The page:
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The Peppers

April 25, 1998|JULIE BAWDEN DAVIS

Whether you have a penchant for sweet and mild or prefer your peppers hot as fire, there's a pepper for you. The following pepper plants are available at the Green Scene this weekend.

Sweet Peppers

Sweet peppers come in a variety of shapes and ripen to many colors, including red, purple, yellow and orange. Most sweet pepper plants grow 1 1/2 to 2 1/2 feet tall.

* Big Bertha. Great for stuffing, this large, elongated bell pepper has thick walls and is green when ripe. The fruit are 6 to 7 inches long and can weigh up to a pound.

* Cubanelle. Flavorful pepper is a favorite of cooks and is often used in salads and for frying and baking. It is thin-walled and elongated, growing to 6 inches. When ripe it is yellow-green, sometimes turning to orange-red.

* Cadice. An excellent choice for coastal gardens because it bears fruit in cooler temperatures. This bell-shaped pepper also does well in containers. It is large and crunchy and ripens to a glossy red, although it also tastes sweet at the green stage.

* Gypsy. Prolific plant puts out plenty of elongated pale yellow 6 1/2-inch fruit that mature to orange-red. It makes a great addition to salads, as it's very sweet.

* Jackpot. A heavy producer of 8-inch-long and 4-inch-wide sweet fruit with thick walls that are great for stuffing. Peppers ripen to golden yellow.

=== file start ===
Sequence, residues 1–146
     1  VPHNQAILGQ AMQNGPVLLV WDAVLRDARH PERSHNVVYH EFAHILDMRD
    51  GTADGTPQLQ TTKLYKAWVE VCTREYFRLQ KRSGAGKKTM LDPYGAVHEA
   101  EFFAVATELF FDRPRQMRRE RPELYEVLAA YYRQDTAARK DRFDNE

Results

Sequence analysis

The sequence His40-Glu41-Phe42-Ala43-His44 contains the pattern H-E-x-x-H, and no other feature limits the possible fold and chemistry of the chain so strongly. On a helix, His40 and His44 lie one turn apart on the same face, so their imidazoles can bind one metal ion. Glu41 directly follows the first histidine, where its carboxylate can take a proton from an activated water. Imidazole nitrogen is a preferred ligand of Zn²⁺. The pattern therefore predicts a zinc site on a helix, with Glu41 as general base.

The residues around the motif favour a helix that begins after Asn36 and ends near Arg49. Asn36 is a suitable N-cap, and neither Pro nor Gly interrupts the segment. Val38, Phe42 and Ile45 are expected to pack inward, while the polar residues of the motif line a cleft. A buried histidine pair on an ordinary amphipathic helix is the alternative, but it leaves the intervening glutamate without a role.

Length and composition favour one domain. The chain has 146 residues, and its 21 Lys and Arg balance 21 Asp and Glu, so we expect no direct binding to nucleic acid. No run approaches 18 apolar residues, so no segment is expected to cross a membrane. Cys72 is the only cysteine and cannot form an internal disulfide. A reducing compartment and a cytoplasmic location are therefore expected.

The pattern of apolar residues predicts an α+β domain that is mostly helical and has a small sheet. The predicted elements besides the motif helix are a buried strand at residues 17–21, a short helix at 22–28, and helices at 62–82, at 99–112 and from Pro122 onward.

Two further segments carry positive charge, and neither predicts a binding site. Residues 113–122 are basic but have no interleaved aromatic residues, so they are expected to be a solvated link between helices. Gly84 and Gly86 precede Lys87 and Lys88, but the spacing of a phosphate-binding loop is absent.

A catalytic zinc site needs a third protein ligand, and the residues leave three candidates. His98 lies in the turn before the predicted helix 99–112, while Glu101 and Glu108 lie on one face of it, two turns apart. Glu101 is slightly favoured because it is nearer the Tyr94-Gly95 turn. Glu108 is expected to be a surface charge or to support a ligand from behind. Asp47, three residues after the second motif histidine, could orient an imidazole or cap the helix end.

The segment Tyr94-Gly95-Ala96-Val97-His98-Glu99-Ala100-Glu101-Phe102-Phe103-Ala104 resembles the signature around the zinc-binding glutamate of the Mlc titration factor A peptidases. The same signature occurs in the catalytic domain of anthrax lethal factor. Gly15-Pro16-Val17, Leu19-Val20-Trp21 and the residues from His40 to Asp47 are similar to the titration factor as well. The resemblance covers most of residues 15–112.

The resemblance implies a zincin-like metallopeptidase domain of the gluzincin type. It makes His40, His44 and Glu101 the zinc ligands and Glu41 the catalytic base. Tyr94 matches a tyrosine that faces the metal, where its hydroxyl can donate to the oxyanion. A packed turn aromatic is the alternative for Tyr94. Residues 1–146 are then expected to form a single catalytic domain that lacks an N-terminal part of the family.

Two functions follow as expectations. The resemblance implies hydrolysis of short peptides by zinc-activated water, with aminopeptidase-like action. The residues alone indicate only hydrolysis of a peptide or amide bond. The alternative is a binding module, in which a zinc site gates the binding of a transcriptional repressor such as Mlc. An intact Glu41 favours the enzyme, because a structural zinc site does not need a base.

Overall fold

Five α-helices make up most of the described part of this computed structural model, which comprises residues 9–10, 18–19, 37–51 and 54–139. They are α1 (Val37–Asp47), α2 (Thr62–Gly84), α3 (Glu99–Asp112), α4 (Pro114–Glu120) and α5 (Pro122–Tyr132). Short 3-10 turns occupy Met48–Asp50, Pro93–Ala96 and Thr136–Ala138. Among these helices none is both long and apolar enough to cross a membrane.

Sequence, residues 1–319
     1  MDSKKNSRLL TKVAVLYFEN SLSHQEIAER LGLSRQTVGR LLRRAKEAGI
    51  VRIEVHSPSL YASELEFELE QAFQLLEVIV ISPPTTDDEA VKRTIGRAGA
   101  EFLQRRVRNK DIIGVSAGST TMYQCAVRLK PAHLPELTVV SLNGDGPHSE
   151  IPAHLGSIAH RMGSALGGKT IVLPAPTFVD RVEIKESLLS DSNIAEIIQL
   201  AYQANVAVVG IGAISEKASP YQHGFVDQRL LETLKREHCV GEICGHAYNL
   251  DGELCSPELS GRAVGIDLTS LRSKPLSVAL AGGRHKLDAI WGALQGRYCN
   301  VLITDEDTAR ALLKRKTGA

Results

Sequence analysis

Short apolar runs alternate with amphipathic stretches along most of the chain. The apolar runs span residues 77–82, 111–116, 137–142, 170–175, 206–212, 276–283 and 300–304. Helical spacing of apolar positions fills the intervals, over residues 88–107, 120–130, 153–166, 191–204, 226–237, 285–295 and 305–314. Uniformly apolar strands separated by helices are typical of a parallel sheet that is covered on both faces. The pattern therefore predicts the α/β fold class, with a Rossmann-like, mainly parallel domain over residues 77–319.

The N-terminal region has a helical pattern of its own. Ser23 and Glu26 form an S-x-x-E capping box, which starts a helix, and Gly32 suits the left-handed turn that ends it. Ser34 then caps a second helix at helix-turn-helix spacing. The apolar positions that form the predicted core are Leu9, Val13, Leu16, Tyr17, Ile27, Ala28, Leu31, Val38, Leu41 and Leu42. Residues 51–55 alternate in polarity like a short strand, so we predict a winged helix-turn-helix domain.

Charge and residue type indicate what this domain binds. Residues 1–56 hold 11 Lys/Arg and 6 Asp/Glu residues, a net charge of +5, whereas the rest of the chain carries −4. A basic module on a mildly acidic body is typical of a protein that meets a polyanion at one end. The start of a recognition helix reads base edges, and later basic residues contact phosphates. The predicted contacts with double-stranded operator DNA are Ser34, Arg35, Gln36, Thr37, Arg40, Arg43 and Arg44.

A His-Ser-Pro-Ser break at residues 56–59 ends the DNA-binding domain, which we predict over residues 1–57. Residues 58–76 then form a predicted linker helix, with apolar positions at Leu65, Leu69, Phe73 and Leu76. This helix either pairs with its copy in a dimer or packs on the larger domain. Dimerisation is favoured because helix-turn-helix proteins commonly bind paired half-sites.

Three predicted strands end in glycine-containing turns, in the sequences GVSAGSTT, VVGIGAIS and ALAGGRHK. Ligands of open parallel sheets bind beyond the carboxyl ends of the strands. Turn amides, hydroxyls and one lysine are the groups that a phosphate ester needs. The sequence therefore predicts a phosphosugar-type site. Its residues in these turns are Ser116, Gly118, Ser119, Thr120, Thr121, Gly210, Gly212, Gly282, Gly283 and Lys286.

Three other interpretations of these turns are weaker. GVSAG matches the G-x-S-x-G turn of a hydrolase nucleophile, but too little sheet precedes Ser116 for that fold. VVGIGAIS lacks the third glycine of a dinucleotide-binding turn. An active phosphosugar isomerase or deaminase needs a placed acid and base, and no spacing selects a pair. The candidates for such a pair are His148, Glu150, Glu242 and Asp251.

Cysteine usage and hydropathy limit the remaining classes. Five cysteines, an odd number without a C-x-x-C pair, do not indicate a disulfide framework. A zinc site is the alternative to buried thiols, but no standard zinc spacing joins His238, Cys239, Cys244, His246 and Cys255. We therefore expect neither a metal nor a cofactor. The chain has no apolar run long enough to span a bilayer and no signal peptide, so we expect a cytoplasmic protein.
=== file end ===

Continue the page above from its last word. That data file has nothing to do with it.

* Jingle Bells. Plant produces lots of miniature bell peppers that ripen to red. Make great hors d'oeuvres.

* Purple Beauty: Small, blocky bell is 3 to 3 1/2 inches long and turns purple when ripe. It has a spicy, sweet flavor and keeps its color when cooked.

* Vidi. A thick-walled green pepper that turns intensely red when mature. The peppers are 6 to 8 inches long and crunchy.

Chile Peppers

There are a wide variety of chile peppers available, from mildly hot to fiery. Plants range in size and growth habit, from ground covers to small shrubs.

* Anaheim. This richly flavored popular chile is often used to make rellanos. It is a 7-inch-long mild and meaty chile that ripens to red.

* Ancho. Probably the mildest of the hot peppers, this 4-inch long heart-shaped chile pepper turns a reddish brown when ripe.

* Cascabella. Good for pickling, this relatively mild thick-walled chile has shiny 1 1/2-inch yellow fruit that ripens to orange and bright red. Very prolific.

* Garden salsa. A relatively large 8- to 9-inch medium-mild pepper that is perfect for salsa, because it has just the right amount of heat. Peppers mature to red, although they are often picked green for salsa.

* Habanero. Three hundred times hotter than a jalapeno, this is among the hottest peppers. The 1 1/2-inch peppers go from green to orange. The plant is large, reaching 3 1/2 feet in height.

* Hungarian wax. This medium-hot pepper has 7-inch canary yellow peppers that mature to red. It is used fresh and for pickling.

* Jalapeno. This popular, fiery 3-inch-long pepper matures from green to red. It's used fresh and cooked.

* Thai dragon. This 3-inch-long extremely hot pepper is green, ripening to red. It has a nutty taste and is often used in Asian stir-fry.

For everything you need to know about peppers, pick up a copy of "The Pepper Lady's Pocket Pepper Primer," by Jean Andrews (University of Texas Press, $17.95, 1998, [800] 252-3206.)

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